|photo: Matthew Delamater
Dave Patterson holds an MA from the Bread Loaf School of English and an MFA from the University of Southern Maine's Stonecoast program. His short fiction has appeared in Slice magazine, Hot Metal Bridge, the Drunken Odyssey and the Apple Valley Review, among other literary magazines. His first novel, Soon the Light Will Be Perfect (Hanover Square Press, April 9, 2019), chronicles the journey of two brothers on the cusp of adulthood, a town battered by poverty and a family at a breaking point.
On your nightstand now:
I try to have two books going at once, usually a novel or memoir along with a book on writing. The current duo is The Year of Magical Thinking by Joan Didion and Several Short Sentences About Writing by Verlyn Klinkenborg. Reading Didion's sentences is a mystical experience--holiness in the highest order. And Klinkenborg's book is jostling loose the calcified thoughts on writing I didn't even know I was clinging to.
Favorite book when you were a child:
As a kid, I remember getting a jolt from Where the Wild Things Are by Maurice Sendak. It was magical and dark and mysterious. I remember I was kind of afraid of reading it. That's a quality I still look for in a book. I want pages that both intrigue and frighten as they propel me deeper into the human experience.
Your top five authors:
This question is like asking my top five songs. It's mean-hearted at its core. For that reason, I love it! Depends on the day, really. So here is today's list: Flannery O'Connor, Andre Dubus, Annie Proulx, Hayden Carruth and F. Scott Fitzgerald.
Book you've faked reading:
Ulysses. I stole a copy in college and tried reading it a dozen times to no avail. I don't pretend I've read it anymore, but there was a period, in grad school specifically, when I'd nod vigorously as someone droned on about the genius inside Joyce's impenetrable text. "Yes, of course," I'd lie. "Magical book, isn't it?" Total hogwash.
Book you're an evangelist for:
I've spent years preaching the gospel of Tim O'Brien's The Things They Carried to anyone who will listen. My friends are tired of indulging my zealotry. New acquaintances eye me suspiciously as my voice quakes explaining the book's genius. Everything one could want is in this novel: superb craftsmanship, achingly beautiful scenes, intense love and a philosophical meditation on why humans traffic in the business of war. Want to borrow my copy?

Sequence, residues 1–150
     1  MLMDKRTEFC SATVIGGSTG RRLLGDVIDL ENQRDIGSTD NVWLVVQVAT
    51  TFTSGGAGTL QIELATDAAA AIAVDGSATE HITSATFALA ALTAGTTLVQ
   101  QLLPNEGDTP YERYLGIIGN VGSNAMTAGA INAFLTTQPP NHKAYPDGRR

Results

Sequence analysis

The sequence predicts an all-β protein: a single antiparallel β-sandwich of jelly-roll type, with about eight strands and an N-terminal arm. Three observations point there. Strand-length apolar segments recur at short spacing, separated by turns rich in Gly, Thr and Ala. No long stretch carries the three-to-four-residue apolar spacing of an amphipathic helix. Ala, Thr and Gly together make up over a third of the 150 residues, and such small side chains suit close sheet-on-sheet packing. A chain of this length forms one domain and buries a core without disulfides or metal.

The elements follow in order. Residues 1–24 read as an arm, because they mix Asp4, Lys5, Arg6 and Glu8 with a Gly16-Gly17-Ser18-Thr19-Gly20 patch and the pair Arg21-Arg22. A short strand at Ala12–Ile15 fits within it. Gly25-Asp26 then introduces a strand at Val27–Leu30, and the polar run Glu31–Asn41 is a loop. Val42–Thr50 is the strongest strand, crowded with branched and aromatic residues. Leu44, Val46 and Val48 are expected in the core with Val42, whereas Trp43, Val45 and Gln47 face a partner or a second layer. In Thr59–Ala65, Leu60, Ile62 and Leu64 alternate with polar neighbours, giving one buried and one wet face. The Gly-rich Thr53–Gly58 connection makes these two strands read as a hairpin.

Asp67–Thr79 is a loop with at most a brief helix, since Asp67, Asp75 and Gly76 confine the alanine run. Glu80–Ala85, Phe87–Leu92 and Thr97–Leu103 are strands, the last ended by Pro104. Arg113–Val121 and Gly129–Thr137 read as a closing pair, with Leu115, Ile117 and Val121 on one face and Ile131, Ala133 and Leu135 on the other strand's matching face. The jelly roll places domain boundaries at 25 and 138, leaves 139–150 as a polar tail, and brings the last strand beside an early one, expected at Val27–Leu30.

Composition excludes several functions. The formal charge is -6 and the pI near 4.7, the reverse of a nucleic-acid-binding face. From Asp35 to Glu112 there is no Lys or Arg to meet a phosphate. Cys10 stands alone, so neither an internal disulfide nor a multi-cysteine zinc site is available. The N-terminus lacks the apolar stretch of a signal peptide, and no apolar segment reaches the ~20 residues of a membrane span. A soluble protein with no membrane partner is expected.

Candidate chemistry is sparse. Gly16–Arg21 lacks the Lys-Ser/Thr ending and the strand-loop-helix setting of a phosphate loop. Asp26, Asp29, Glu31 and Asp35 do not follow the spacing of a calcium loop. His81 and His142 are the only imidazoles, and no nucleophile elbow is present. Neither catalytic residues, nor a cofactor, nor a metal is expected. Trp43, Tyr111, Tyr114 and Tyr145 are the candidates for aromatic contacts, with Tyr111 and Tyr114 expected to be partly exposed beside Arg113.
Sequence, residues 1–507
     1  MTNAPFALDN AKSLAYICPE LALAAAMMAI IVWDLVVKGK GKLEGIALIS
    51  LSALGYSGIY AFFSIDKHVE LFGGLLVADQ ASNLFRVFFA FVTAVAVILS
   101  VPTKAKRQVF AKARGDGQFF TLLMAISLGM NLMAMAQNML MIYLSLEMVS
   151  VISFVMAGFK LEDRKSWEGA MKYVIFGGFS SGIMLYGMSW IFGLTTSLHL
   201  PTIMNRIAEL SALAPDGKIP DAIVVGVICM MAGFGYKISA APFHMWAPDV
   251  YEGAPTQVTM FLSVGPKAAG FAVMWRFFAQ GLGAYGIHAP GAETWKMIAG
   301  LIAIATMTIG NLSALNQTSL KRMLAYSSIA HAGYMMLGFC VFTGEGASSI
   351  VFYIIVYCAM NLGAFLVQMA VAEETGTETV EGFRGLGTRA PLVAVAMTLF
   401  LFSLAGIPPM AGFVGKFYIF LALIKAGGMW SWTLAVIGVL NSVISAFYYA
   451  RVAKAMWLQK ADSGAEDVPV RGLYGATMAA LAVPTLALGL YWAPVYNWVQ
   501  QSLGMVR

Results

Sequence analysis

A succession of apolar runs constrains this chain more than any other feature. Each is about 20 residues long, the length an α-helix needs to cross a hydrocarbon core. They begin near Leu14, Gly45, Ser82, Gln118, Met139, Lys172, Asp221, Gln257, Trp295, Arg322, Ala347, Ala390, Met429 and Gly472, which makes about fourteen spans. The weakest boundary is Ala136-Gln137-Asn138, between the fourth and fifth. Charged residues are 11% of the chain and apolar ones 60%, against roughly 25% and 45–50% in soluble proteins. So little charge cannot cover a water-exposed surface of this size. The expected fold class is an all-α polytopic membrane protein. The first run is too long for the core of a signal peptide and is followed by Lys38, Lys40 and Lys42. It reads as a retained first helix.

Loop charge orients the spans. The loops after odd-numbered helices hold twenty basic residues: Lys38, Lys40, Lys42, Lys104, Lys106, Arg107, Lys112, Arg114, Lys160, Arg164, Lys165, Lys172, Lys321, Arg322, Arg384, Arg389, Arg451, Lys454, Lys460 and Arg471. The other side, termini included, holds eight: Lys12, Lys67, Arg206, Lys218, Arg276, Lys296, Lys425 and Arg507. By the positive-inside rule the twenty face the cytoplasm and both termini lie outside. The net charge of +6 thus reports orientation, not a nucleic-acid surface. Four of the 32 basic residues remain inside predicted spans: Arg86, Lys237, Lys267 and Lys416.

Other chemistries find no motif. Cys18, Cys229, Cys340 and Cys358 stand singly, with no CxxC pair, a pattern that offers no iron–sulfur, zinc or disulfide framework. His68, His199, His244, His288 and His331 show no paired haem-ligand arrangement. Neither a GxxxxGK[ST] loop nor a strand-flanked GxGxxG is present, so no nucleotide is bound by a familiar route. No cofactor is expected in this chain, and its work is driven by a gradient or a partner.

Book you've bought for the cover:
At my local bookstore I recently fell in love with the cover of Jennifer Clement's Gun Love. The stunning neon yellow and pink juxtaposed with two warring alligators. It's so evocative and quintessential Florida--the mash-up of gaudy humanity and fierce nature. I had to buy it. Luckily, the story delivers as powerfully as the cover.
Book you hid from your parents:
Oddly enough, the book I hid most desperately from my very Catholic parents was an Introduction to Buddhism a friend lent me the summer before I went to college. My parents were not openminded about other faiths; finding this book would have caused a row in the house. So I only read it when I was alone, letting the beautiful ideas flower in my mind.
Book that changed your life:
Where I'm Calling From by Raymond Carver changed my life. I was hypnotized by the language. But bigger than the excitement I received from the taut sentences and the raw portrayal of humanity, was the fact that here was an acclaimed writer exalting my people: lower middle-class Americans who weren't particularly literary. Carver offers high art about them. These stories gave me permission to write about the rural landscape I had been thrust into.
Favorite line from a book:
Impossible question. So here's what I'll do: I'll grab my crumbling copy of The Great Gatsby, open to a random page, and select a sentence. Got the book. Opening randomly. Chapter Four. Pan down. Okay. Got one. It's a sentence about Gatsby's car: "It was a rich cream color, bright with nickel, swollen here and there in its monstrous length with triumphant hatboxes and supper-boxes and tool-boxes, and terraced with a labyrinth of windshields that mirrored a dozen suns." I could dissect the brilliance of this sentence for days: the language, the impending doom this car will bring, the way it embodies Gatsby's ludicrous dream and so on and so on.
Five books you'll never part with:
I live in a small house, so this one's easy. I'll never let go of The Riverside Shakespeare, my first copy of Drown by Junot Díaz, Richard Brautigan's Trout Fishing in America to help keep my writing weird, the aforementioned copy of Gatsby and my first edition of Richard Ford's Rock Springs I bought in a used bookstore in Vermont.
Book you most want to read again for the first time:
Oh that I could have this opportunity! I'd choose Jesus' Son by Denis Johnson. My first reading of this book was like grabbing a downed power line in a rainstorm--it scorched me from the inside out. The artistry and grace Johnson conjures in the midst of a debased, fraught landscape. My eyelids tremble just thinking about my first reading of this opiated masterpiece.